Re: Death of a hypothesis

Elaine Morgan (
Thu, 4 Jul 1996 12:52:00 GMT

In article <4q00ps$> wrote...

> Elaine Morgan (Elaine Morgan <>) writes:
> >In article <> wrote...
lf a big favor. Go to your local bookstore
> and order two books. One is called _An Introduction to Human
> Evolutionary Anatomy_ by Leslie Aiello and Christopher Dean (Academic
> Press). The other is by Tim White and is either called Human
> Osteology or The Human Skeleton, I can't remember which. I have the
> former but not the latter but I have USED the latter and it is
> excellent.

Thank you for the refs.>
I;'ve got the Aiello and Dean. I'll get the other if I can track it
down. And I'll look up the relevant passage in the a & d. ( I use it
for reference, I don't claim to have read it all through)

> While your at it, get a copy of John Fleagle's Primate Adaptation and
> Evolution.
> The posterior nasal spine is formed in the midline by the horizontal
> plates of the palatine bones. This ridge can be felt by rubbing your
> tongue along the roof of your mouth toward the back. It has
> absolutely nothing to do with the shape or support of the nose but is
> present in all primates.

Okay we're talking terminology again. Mea culpa. I shouldn;t talk about
anything until I've acquired the vocabulary. I was told quite fiercely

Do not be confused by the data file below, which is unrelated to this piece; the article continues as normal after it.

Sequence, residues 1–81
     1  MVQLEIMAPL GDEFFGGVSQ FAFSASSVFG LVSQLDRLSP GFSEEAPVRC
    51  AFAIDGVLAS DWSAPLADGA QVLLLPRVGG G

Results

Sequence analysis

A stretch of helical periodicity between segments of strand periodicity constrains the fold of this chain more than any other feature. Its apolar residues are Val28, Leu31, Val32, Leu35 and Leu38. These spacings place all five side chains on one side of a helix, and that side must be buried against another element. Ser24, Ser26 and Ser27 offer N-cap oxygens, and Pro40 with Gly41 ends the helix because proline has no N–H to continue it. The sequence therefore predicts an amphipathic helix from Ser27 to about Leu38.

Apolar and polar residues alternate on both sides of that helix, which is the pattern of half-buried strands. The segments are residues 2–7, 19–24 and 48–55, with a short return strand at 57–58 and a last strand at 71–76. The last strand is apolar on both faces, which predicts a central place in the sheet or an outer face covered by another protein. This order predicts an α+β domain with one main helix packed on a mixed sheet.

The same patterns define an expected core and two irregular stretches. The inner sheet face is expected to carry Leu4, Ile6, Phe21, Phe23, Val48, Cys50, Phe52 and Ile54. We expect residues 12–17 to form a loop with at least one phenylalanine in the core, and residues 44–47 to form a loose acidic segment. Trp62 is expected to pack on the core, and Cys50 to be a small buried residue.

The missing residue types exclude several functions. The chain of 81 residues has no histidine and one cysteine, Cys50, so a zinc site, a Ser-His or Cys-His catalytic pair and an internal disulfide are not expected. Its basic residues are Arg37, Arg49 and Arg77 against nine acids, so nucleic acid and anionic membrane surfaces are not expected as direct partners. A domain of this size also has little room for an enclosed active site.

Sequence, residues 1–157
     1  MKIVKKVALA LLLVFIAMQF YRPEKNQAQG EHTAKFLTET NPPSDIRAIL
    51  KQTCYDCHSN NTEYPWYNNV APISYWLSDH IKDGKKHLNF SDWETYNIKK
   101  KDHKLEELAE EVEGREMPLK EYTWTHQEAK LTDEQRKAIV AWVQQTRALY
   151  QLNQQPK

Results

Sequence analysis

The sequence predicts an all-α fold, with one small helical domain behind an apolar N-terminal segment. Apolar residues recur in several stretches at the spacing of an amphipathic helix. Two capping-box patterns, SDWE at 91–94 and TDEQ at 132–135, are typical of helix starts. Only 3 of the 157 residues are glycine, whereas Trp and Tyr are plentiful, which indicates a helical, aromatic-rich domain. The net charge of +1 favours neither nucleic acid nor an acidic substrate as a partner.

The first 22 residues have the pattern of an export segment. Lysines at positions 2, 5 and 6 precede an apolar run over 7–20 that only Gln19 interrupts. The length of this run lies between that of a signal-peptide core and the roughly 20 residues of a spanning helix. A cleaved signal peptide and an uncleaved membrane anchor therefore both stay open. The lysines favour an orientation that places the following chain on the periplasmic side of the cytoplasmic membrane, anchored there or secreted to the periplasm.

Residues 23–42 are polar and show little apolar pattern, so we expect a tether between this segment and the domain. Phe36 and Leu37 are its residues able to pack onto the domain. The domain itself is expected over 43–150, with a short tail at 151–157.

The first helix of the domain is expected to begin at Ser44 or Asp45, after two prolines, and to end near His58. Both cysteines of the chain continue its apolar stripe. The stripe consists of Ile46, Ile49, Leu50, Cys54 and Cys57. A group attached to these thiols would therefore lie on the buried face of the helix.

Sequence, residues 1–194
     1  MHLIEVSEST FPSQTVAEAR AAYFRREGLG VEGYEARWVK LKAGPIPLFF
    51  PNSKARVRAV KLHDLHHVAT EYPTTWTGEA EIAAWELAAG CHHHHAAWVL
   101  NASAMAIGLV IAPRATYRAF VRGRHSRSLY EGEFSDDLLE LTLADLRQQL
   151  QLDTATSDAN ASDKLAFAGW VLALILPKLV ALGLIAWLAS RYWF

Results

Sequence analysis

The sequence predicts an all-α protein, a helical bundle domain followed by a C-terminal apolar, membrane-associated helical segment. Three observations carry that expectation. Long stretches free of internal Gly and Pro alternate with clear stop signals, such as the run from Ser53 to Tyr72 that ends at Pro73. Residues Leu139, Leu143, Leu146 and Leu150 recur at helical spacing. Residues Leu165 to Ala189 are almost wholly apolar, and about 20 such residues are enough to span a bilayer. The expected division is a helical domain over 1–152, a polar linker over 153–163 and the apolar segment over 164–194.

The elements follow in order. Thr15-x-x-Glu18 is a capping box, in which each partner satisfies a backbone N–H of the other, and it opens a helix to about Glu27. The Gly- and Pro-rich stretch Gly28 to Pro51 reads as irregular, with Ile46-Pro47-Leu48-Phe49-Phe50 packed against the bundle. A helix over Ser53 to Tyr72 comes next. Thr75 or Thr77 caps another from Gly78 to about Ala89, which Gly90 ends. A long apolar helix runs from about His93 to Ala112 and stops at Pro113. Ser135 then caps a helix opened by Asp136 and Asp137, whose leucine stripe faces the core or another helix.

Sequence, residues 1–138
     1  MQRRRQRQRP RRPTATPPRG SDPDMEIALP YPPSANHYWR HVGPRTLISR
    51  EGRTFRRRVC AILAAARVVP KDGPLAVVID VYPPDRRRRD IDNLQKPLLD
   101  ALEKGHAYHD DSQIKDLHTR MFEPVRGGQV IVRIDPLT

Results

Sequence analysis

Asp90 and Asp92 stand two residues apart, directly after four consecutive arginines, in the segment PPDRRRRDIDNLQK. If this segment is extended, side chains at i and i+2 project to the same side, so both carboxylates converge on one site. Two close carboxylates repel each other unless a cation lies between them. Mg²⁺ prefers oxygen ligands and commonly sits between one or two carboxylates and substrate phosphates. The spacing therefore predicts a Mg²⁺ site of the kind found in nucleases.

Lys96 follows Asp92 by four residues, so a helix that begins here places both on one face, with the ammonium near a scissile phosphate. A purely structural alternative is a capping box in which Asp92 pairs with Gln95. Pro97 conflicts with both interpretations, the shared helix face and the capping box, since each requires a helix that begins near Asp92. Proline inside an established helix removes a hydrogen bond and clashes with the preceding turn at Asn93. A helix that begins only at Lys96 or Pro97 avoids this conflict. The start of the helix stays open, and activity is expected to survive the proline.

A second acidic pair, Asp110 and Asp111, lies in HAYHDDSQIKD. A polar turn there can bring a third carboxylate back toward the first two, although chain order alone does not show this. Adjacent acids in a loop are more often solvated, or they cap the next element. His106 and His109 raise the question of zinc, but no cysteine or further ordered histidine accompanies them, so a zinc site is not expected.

by a german professor in Valkenburg that it was rubbish for me to try to
correlate the down-pointing nose with anything that happened prior to
Lucy because, he said, the nasal spine did not appear until erectus.
He must have been using the wrong term too.
> The nasospinale is an anatomical landmark in the midsaggital plane of
> the face at the lower margin of the left and right nasal appetures.
> It is not a bone but a point on the skull used to take measurements of
> nasal height. It is also present on all primates.
> The bone seen in midline dividing the nasal cavity is called the
> vomer. The vomer provides no support for the fleshy part of the nose
> and is present in all primates.

I know what the vomer is and \I was not talking about that
> Finally we have the nasal bones themselves. The anterior nasal spine
> is formed by the meeting of the nasal bones in the midsaggital plane.
> All primates have nasal bones and an anterior nasal spine.
> The most forward point of the nasal bones in Homo sapiens projects
> beyond the nasospinale. In all other species of primate and in all
> other hominids, with the excception of neandertals, this is not the
> case.

This is what I was talking about. I was under the impression that
there was an incipient tendency to such a projection from erectus
onward. I'll try to track down the illustration which gave me that
impression and if I find it \I'll give you the reference.

> In humans the nasal bones are responsible for the size and shape of
> the nose. There is considerable variation in the size, shape and
> orientation of the nasal bones.

You seem to be adumbrating the idea that since the nasal bones vary so
much in humans, that lessens the significance of the fact that the
conformation in all humans is nevertheless different from the
conformation in all other apes, specifically by the fact that in us it
projects and in them it does not project.
> Find some primate skulls, Elaine and look at them in profile. Then
> look at a human skull.
I have got lots of pictures of them . What am I supposed to see that
would dissuade me from thinking there might be some reason why the most
forward point of the nasal bones projects in us and not in them?